Alberta’s plan to have a single regulator for energy development will help the province compete more effectively with other jurisdictions, according to former PwC partner Scott Bolton.
“If you look at it from a competitive standpoint, other provinces or states have more streamlined systems in place and it was putting Alberta in a competitive disadvantage,” he says.
It’s no longer the case where Alberta has all the oil and gas in North America and therefore has a captive market. Shale gas production has picked up in Eastern Canada and the United States in the last few years, forcing the province to compete for capital.
The plan to create a single regulator was recommended by the Regulatory Enhancement Task Force, which delivered its report to the province in early 2011.
The task force recommends that the regulator build upon the existing foundation of the Energy Resources Conservation Board and take on unified responsibility functions required to issue upstream oil or gas project approvals, such as the disposition of public lands and reviewing environmental impact assessments.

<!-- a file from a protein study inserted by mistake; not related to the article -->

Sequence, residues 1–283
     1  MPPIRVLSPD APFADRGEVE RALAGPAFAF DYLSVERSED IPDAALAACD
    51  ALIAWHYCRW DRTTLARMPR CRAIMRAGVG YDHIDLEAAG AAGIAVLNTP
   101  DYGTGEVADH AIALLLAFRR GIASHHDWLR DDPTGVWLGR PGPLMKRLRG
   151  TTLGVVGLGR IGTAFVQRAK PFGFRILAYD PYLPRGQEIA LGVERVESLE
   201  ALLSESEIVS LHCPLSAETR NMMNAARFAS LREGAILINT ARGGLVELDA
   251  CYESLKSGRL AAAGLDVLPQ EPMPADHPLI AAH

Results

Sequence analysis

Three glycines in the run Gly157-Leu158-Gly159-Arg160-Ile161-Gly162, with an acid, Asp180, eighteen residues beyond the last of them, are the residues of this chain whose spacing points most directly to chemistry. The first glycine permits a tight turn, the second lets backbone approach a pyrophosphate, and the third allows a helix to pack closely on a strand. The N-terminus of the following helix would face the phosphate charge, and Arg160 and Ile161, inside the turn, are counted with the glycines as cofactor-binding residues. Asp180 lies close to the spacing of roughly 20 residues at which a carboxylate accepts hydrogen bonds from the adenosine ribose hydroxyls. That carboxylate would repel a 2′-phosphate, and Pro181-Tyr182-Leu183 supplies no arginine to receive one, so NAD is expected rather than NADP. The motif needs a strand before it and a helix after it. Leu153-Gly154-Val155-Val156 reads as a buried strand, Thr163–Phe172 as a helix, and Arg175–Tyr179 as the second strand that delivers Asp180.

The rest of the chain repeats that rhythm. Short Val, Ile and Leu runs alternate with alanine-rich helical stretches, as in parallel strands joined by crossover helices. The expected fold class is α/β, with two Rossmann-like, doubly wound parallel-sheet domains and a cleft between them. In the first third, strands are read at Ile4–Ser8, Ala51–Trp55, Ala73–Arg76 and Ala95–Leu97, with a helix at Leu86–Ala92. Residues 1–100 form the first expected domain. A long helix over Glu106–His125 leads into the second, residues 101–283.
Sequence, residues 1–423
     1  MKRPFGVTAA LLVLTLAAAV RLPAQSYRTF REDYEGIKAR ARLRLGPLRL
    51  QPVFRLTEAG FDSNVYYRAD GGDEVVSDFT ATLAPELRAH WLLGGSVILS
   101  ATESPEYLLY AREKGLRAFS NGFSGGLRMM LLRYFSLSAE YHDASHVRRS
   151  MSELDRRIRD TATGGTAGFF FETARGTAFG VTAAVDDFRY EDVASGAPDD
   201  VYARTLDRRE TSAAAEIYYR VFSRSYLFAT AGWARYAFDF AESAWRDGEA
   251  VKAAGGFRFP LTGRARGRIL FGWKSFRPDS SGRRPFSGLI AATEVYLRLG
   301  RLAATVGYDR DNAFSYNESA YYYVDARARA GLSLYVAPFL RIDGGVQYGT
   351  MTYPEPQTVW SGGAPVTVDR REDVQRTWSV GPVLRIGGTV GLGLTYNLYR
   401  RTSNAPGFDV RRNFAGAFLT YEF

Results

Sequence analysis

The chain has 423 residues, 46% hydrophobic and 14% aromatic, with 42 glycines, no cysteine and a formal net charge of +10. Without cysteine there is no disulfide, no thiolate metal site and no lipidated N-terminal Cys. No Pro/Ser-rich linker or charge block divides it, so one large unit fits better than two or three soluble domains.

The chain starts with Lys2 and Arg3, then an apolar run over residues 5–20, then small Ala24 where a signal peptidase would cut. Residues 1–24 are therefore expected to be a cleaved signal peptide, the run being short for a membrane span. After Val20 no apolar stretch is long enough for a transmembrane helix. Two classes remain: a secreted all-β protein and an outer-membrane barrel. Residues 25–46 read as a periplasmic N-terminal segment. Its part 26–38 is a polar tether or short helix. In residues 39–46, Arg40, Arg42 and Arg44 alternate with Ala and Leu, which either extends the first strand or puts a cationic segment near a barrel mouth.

Currently, if a company wants to develop an energy project in Alberta, it must go through Alberta Energy, Alberta Environment, Alberta Sustainable Resource Development, and the ERCB.
“There are gray areas in between of who’s responsible for what and this has resulted in overlap and time delays,” Bolton explains. “And that’s really the root of the issue. So the intention is to streamline the policy development into one government department.”
Having a single regulator instead of four is not intended to make the rules any less onerous, he says. What really matters is that time of execution should decrease and that’s what the benefit will be to the industry.
However, a single oil and gas regulator won’t be in place for a while. First, the government needs to introduce and pass the legislation, which is expected sometime in the spring. Then it will take some time to set up and take over the responsibility of the other regulators.
“With more than one regulator, you have different risk assessments, overlap and with one regulator you can streamline the process and make it more efficient,” Bolton explains. “It just brings a more focused, disciplined, consistent approach to regulation. Streamlined and efficient regulation is a competitive aspect attracting investment capital.”